As the line between personal and professional blurred, so did the line between mentorship and abuse, according to employees. Two employees on the agency side say they were tasked with making client-facing presentations for giant corporations, despite never having made these presentations before and having no supervisor. Both say they did the best they could, often working 12-hour days and over holidays. When the presentations contained rookie errors like run-on sentences, both say that Herrera presented the slide decks to larger teams, using each as an opportunity to publicly humiliate the two young, freshly-hired employees. After one such meeting was over, a former employee tells Jezebel that when she escaped into a bathroom to cry, a vice president of sales, also a woman, followed her in to say they were in the same boat: She often spent time crying in the bathroom as well.
On Glassdoor, employees say the chaos at Remezcla was of a different, more damaging sort than the kind that is perhaps an unavoidable aspect of startup culture. Herrera’s frequent emotionally-charged outbursts left employees in constant panic mode, they say, which eventually manifested in stress-induced ailments like ulcers—which multiple employees told Jezebel they suffered while working at Remezcla.
“There’s no structure, as is the case with most startups, but the difference here is that there’s no clear goals for staff to even aspire to,” one reviewer writes. “Impossible expectations create a culture of blame and self-preservation,” reads another. “CEO is a poor leader and is unprofessional and petty.”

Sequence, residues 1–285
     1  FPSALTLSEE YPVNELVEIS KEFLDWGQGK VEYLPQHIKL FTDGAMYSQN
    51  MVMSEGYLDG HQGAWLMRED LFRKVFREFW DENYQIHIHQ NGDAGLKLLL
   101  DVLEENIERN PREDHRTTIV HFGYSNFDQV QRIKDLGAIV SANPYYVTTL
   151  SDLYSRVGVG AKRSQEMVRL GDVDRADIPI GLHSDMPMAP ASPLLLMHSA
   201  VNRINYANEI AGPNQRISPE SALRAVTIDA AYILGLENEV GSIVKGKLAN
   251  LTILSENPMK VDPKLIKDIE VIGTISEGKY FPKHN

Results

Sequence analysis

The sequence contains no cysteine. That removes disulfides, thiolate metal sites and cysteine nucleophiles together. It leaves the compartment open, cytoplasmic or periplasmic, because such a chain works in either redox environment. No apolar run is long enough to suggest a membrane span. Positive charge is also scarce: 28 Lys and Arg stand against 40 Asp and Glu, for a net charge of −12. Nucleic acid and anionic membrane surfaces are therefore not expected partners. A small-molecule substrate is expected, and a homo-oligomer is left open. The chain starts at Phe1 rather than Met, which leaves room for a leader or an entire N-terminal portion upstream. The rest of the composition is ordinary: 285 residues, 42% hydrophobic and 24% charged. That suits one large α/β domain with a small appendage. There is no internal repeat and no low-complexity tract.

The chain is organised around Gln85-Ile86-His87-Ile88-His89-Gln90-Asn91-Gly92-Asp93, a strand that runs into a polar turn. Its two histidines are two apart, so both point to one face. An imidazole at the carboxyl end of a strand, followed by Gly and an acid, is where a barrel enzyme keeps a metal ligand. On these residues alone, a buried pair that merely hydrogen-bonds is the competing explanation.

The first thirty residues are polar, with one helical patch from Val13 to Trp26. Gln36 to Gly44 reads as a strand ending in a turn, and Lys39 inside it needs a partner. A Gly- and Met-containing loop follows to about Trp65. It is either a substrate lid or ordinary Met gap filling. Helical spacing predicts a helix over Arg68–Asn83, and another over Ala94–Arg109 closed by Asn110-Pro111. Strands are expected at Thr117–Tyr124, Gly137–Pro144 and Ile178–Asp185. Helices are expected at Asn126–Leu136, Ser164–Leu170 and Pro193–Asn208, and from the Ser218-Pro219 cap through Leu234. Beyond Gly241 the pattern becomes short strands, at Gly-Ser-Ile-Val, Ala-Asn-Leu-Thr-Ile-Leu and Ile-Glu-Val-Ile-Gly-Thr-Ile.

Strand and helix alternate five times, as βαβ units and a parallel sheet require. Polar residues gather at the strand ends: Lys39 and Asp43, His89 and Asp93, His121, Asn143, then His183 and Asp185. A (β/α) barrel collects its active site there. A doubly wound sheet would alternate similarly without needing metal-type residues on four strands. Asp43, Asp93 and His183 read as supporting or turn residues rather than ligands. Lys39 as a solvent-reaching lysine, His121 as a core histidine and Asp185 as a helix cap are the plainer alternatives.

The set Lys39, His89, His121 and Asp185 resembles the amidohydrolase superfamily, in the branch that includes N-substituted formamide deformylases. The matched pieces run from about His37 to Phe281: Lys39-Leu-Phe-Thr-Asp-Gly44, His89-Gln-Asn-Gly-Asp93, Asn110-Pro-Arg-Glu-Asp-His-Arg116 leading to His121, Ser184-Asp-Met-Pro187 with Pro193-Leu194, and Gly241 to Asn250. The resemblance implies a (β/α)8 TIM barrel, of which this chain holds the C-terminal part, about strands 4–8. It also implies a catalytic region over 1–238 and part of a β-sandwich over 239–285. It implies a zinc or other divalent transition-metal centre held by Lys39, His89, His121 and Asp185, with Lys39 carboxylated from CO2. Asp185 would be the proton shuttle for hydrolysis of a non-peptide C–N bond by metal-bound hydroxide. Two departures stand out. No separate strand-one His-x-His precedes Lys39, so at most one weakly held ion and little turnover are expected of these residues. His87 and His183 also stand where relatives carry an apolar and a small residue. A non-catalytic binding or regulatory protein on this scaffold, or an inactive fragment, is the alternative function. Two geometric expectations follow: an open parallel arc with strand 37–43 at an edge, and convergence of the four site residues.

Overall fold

Another review alleges that “He constantly makes derogatory comments about his female employees’ weight and physical appearance.” Several of the former employees who spoke to Jezebel said that they felt they might have been hired for a certain “look”—that of the thin, Latina hipster—in order to project a cool company image. Some say they heard Herrera asking which “girls” in the office employees thought were “cute” in order to decide who to put on camera. Another says she heard the CFO tell Herrera, “Andrew, we have investors now, we can’t be doing this anymore,” in response to his a comment about a woman employee’s physical appearance.